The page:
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A Renewed Search For Faith

A Renewed Search For FaithMany college students, says Tufts Chaplain David O'Leary, re-examined their faith in the days and months after the September 11 attacks.

Medford/Somerville, Mass. [09.11.02] On September 12, Tufts Chaplain David O'Leary threw out the syllabus for his religion and international relations class. The terrorist attacks, he said, raised a host of new questions for many students which required a fundamental re-examination of faith - both theirs and others.

"In my class last fall, we had a very mixed classroom, [including] some very committed Muslim students," O'Leary said in an interview in Sunday's Boston Globe Magazine. "They were searching and couldn't understand why September 11 happened."

It was an experience shared by many college students, he said.

"There was questioning, and I see questioning as good - it means they're trying to find their own answers," O'Leary told the Globe. "They are either appropriating their own faith tradition for themselves, and it's not the faith of their parents, or they're coming up with their own ideas."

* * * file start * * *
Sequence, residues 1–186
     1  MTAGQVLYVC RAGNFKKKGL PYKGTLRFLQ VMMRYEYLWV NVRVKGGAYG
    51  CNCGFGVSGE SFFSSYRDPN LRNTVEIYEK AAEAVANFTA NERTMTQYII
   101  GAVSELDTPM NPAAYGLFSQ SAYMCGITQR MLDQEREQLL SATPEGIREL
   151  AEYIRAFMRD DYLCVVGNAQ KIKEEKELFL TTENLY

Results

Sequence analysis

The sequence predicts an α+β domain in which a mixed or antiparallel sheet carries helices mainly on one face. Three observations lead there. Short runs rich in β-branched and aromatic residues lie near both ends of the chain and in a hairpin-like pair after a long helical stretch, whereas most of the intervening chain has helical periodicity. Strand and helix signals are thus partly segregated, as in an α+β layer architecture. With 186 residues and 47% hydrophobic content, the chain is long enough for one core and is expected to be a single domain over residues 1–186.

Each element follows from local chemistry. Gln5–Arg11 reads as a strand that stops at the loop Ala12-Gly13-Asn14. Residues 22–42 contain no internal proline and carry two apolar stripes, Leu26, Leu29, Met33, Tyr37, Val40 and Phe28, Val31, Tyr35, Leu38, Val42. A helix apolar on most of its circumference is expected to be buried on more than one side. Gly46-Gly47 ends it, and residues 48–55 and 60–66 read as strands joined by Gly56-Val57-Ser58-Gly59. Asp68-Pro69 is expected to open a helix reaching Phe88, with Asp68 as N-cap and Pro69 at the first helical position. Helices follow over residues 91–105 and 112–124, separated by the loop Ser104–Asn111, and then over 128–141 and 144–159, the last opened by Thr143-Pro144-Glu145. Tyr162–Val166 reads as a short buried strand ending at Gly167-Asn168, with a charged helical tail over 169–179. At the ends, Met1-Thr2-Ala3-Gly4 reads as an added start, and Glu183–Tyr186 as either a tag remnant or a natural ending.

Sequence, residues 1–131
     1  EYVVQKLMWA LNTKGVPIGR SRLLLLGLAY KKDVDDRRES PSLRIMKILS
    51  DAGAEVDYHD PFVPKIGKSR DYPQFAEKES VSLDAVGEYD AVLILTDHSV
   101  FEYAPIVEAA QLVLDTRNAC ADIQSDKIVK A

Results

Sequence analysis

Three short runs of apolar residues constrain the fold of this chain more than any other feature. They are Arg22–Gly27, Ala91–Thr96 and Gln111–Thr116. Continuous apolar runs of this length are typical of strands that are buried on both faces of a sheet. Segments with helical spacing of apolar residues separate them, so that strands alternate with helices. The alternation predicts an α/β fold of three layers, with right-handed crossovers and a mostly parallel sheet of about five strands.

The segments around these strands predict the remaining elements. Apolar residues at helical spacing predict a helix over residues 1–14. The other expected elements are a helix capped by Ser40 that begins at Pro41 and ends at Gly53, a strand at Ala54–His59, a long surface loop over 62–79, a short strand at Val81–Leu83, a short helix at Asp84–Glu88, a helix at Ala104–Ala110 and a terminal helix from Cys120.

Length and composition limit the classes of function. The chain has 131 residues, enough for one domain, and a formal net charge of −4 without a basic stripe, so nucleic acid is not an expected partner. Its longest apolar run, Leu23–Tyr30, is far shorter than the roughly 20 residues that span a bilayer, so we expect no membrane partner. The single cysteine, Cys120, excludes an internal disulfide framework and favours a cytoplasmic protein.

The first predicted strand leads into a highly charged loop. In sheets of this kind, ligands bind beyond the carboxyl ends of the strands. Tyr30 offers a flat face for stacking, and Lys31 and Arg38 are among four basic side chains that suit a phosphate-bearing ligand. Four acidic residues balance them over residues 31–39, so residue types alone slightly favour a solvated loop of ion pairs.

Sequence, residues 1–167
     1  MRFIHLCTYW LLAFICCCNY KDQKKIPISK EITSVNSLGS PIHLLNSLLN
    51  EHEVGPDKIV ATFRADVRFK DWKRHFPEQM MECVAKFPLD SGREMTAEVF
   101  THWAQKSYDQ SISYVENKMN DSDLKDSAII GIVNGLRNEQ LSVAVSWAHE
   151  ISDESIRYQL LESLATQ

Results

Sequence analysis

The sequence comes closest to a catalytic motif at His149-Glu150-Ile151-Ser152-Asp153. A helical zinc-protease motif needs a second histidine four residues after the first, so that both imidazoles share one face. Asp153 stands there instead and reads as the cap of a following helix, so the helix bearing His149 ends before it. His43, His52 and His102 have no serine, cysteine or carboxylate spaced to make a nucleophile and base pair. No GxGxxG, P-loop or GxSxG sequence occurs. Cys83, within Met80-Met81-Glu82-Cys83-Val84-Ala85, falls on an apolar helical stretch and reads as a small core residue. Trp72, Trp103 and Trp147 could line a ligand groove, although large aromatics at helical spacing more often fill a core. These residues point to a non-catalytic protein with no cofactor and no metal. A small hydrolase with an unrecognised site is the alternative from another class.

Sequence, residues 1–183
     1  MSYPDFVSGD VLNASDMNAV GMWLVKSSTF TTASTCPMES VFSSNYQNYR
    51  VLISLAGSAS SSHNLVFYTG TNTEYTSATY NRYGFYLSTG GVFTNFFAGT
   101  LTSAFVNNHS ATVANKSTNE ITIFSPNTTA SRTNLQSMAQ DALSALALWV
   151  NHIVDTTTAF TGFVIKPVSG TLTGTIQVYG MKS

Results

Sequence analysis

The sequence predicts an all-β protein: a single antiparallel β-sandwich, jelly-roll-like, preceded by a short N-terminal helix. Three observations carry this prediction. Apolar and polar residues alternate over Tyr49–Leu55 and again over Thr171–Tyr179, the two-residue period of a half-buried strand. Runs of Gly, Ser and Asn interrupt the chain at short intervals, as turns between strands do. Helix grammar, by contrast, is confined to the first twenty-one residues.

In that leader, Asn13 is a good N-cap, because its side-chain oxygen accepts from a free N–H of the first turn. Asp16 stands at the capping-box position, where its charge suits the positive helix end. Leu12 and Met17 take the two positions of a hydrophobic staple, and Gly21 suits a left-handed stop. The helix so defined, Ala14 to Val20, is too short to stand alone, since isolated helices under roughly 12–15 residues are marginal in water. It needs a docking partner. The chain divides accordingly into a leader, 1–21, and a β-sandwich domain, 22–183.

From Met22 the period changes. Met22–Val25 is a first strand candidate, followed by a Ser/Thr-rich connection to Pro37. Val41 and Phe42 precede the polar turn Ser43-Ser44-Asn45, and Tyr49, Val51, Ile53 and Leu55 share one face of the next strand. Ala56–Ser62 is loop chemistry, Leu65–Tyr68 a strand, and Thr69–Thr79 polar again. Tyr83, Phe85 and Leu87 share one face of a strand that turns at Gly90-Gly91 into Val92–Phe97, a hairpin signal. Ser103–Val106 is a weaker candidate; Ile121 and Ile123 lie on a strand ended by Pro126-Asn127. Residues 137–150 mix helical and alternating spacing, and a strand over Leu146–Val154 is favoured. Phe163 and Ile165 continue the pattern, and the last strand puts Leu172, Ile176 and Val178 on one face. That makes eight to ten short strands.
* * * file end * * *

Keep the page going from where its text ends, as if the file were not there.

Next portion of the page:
In response to his students' questions, O'Leary crafted a new syllabus for his class. At its heart were discussions to help each student understand their faith, as well as the faith of their classmates. It's an approach he's continued to use.

"I try to expose the religious ideal and the inconsistencies under that," he told the Globe. "[In my class,] you had to remind students to be fair about others' religions sometimes - let's air out all the dirty laundry together. Civility was the rule."

That rule is at the very core of Tufts.

"Tufts is very open to religious ideas," he told the Globe. "That's why we were founded - Harvard was too conservative in 1852."

And the civility of the University's students and staff was visible immediately after the attacks.

"It was the Muslim student association that started the idea of having a candlelight vigil last September 11," he said. Thousands of students participated.

O'Leary - who is the first Roman Catholic to serve as the head chaplain at a private nonsectarian university - said the events of September 11 will have more than just a negative impact on the current generation of college students.

"I think it will have eliminated complacency for many in this generation," he told the Globe. "If you're going to accept a higher power, then you struggle with why bad things happen. You have to grapple with evil. Then you think, 'OK, I'm a believer, but now what do I do with this?'"

Some students have already found some answers.

"One of my students went to the Sudan to rescue people still enslaved," O'Leary told the newspaper. "We had students trying to hook up with people in Israel and Palestine for an exchange of ideas over the Internet."

Photos courtesy The Boston Globe.

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